BOTSWANA, 2017/06/24 Trade between African nations has long been outstripped by intra-regional trade in other parts of the world – for Africa as a whole, intra-regional trade is between 10% and 13% of total trade. This is far lower than in regions such as the EU, where about 60% of trade is between member states, and the Association of South-east Asian Nations, which has a rate of about 25%. Intra-regional trade in North America is put at about 40%. However, the ratification of the Tripartite Free Trade Sector(TFTA) – potentially later in 2017 – could help change that and push the development of additional intra-regional trade increase. A pan-regional free-trade zone, the TFTA stretches from Cairo to Cape Town and encompasses 26 African nations. Africa’s Tripartite Free Trade Area would reduce regional tariffs and create a pan-African single market, to aid development and cash in on a growing middle class in the continent. But with member countries often belonging to multiple economic areas, progress is both complex and slow, as Kit Gillet reports.  
  • Importers threaten to increase prices of goods if government implements tax to fund African Union

    BOTSWANA, 2017/06/15 Importers have threatened to increase the prices of goods if the government implements the 0.2% import tax to fund the AU. Mr Samson Awingobit Asaki, Executive Secretary of the Importers and Exporters Association, told the Ghana News Agency that the implementation of the tax would increase the cost of operation for importers. Mr Asaki added that at the same time as it happens like that, they would have no other choice than to transfer the cost onto the prices of goods for the consumers.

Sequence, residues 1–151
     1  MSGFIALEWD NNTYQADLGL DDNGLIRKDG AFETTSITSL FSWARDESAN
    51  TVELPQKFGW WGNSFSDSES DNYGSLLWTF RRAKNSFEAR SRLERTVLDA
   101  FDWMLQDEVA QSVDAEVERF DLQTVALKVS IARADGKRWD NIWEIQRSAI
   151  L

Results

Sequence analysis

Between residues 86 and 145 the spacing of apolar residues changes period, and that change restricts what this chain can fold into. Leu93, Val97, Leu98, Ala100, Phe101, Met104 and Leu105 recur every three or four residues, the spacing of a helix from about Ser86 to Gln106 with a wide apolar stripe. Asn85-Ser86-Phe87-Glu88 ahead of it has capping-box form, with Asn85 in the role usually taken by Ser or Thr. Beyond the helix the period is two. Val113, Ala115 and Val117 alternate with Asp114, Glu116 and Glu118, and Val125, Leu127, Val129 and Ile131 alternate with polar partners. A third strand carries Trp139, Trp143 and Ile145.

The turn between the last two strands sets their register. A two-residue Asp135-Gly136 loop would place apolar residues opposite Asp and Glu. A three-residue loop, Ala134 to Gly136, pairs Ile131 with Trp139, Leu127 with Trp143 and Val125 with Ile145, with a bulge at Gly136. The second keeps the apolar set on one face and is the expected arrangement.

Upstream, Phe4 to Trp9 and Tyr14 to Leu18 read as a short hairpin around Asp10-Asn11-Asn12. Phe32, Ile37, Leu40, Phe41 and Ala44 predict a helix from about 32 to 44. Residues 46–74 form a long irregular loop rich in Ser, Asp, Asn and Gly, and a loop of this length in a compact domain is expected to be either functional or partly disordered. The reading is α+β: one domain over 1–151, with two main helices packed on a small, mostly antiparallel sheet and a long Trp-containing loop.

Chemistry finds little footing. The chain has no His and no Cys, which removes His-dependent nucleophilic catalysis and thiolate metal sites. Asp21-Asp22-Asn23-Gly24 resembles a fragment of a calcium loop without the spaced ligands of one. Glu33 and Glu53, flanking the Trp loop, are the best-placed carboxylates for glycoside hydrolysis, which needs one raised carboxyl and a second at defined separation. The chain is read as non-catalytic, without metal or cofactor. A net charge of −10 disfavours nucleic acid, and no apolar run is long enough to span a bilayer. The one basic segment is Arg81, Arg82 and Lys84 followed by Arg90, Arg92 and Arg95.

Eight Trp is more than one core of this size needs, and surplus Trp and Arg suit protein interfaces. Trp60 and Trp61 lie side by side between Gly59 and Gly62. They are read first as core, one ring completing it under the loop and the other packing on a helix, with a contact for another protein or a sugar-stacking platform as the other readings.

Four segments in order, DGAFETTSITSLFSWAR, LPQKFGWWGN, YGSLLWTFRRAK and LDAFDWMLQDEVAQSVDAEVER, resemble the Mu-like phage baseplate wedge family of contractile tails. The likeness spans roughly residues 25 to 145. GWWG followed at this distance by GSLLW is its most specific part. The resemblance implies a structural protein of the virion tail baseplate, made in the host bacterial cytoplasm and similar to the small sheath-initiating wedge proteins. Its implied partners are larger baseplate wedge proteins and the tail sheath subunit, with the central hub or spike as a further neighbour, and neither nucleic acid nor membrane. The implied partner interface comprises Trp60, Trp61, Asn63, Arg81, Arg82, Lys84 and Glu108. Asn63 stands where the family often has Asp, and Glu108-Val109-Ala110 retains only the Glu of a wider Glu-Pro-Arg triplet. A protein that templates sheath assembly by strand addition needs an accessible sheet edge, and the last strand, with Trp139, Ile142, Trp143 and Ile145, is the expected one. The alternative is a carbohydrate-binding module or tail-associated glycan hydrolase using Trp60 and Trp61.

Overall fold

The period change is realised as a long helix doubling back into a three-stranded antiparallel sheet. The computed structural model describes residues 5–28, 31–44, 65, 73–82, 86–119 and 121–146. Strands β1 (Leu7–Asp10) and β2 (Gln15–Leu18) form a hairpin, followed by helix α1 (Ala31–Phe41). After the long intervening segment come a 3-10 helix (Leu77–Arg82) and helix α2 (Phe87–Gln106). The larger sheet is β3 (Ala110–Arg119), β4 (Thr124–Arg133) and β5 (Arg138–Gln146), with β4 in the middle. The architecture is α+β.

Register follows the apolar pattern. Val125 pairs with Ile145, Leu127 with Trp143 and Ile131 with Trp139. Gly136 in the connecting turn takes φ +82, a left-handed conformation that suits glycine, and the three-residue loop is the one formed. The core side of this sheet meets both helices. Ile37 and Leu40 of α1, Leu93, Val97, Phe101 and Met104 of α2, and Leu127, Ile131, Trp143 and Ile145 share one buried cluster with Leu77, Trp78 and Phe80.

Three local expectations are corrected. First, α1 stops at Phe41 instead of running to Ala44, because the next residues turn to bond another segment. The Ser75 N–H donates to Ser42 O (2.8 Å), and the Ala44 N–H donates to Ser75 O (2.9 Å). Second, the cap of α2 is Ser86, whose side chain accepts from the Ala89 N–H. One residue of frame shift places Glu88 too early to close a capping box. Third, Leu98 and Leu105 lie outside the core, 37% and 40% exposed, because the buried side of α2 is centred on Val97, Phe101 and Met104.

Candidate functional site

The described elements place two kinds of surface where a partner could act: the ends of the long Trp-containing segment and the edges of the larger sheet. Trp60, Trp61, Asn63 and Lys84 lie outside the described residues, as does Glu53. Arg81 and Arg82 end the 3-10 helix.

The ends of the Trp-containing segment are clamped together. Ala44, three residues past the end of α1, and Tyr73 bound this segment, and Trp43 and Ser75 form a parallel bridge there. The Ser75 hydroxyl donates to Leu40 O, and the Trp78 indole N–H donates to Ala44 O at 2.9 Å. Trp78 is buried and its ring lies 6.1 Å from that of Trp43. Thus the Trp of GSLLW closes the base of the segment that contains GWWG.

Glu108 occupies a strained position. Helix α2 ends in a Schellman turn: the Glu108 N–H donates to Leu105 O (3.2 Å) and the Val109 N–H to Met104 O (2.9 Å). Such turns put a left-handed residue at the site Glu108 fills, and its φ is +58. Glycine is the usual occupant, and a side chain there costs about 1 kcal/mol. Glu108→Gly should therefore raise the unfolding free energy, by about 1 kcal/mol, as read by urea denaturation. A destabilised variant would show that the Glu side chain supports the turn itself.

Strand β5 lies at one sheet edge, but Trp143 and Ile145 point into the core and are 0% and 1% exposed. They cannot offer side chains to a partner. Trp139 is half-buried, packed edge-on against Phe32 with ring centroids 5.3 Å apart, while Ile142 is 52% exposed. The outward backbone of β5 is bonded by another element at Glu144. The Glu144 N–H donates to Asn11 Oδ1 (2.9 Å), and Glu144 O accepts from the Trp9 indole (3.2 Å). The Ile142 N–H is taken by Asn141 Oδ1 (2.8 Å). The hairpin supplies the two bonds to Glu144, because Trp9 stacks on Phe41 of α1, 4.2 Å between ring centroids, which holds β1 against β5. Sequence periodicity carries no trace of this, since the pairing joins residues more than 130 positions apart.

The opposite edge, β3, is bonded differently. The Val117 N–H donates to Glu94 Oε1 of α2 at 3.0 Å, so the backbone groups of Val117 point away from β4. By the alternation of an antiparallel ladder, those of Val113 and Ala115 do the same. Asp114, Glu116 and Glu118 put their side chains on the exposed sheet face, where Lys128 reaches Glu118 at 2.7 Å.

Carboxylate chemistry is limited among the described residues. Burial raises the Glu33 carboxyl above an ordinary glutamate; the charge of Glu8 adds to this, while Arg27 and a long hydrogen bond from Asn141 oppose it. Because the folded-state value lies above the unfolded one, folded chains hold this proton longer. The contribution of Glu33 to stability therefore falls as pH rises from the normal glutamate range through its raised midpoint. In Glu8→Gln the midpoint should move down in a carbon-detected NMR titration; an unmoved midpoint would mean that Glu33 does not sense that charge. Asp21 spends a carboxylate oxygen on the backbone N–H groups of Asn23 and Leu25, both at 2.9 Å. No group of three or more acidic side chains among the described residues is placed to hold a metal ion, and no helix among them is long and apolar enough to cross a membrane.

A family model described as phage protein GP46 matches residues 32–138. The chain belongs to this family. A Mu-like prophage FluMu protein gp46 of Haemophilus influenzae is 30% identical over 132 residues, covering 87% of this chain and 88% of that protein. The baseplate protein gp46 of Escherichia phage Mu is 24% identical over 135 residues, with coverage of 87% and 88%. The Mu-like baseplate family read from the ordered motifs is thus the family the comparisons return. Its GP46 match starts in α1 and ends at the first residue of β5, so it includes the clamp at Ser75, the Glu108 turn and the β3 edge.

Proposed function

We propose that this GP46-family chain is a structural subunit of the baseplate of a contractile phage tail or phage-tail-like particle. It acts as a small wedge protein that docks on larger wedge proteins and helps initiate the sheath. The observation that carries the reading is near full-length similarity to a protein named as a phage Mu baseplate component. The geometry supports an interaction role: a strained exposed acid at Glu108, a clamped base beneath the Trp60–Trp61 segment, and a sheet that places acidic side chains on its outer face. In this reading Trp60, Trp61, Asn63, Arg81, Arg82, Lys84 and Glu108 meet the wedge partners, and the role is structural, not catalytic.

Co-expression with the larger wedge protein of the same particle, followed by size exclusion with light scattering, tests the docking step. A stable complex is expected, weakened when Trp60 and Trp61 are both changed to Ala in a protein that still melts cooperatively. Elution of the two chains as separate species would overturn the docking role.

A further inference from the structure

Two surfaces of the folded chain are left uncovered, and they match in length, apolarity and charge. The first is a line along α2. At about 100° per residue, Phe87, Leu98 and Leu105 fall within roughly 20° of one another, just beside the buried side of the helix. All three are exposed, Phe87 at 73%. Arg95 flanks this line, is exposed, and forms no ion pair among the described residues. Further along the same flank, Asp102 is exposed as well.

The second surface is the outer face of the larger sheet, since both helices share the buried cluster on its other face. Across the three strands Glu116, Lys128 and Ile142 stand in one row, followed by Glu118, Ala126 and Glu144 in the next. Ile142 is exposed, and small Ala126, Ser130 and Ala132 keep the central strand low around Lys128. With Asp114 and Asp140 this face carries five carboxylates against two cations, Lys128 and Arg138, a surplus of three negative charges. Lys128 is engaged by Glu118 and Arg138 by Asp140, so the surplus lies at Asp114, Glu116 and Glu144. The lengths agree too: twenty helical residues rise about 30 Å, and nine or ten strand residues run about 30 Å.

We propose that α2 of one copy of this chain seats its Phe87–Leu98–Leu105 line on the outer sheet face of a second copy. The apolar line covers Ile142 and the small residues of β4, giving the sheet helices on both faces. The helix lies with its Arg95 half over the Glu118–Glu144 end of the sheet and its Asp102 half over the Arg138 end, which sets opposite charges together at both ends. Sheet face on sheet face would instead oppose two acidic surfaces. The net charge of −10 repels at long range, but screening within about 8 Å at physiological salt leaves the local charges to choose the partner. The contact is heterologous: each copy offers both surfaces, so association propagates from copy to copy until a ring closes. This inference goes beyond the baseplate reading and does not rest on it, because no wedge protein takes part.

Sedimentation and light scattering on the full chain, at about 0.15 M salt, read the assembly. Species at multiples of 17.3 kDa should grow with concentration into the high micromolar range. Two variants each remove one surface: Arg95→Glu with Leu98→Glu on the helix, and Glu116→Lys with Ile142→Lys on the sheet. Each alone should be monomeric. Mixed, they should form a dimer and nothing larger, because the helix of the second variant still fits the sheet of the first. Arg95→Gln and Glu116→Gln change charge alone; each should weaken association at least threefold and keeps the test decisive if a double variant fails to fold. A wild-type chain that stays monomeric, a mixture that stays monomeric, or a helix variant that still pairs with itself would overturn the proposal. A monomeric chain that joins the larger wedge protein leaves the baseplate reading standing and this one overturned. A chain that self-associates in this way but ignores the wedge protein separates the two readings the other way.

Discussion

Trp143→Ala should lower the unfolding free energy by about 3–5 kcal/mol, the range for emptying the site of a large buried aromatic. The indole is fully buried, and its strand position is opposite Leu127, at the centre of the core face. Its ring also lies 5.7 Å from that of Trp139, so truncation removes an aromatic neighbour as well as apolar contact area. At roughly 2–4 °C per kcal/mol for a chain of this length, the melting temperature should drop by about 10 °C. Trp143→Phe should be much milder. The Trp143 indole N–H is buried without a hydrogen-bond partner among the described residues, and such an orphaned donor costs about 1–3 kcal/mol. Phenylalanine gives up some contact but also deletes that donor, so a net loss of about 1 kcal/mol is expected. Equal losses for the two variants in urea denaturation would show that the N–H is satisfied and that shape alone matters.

• Indonesia to discuss trade agreements during IORA meetings

    INDONESIA, 2017/03/06 The Trade Ministry will approach six nations, mostly non-traditional markets, to try and expand Indonesian exports and discuss the potential of sealing trade agreements during a series of high-level meetings with members and partners of the Indian Ocean Rim Association (IORA) next week. The six nations are the United Arab Emirates (UAE), South Africa, Bangladesh, Iran, the United States and the United Kingdom (UK). The UAE, South Africa, Bangladesh and Iran are IORA members, while the US and the UK are IORA partners that will participate in the meetings from March 5 to March 7.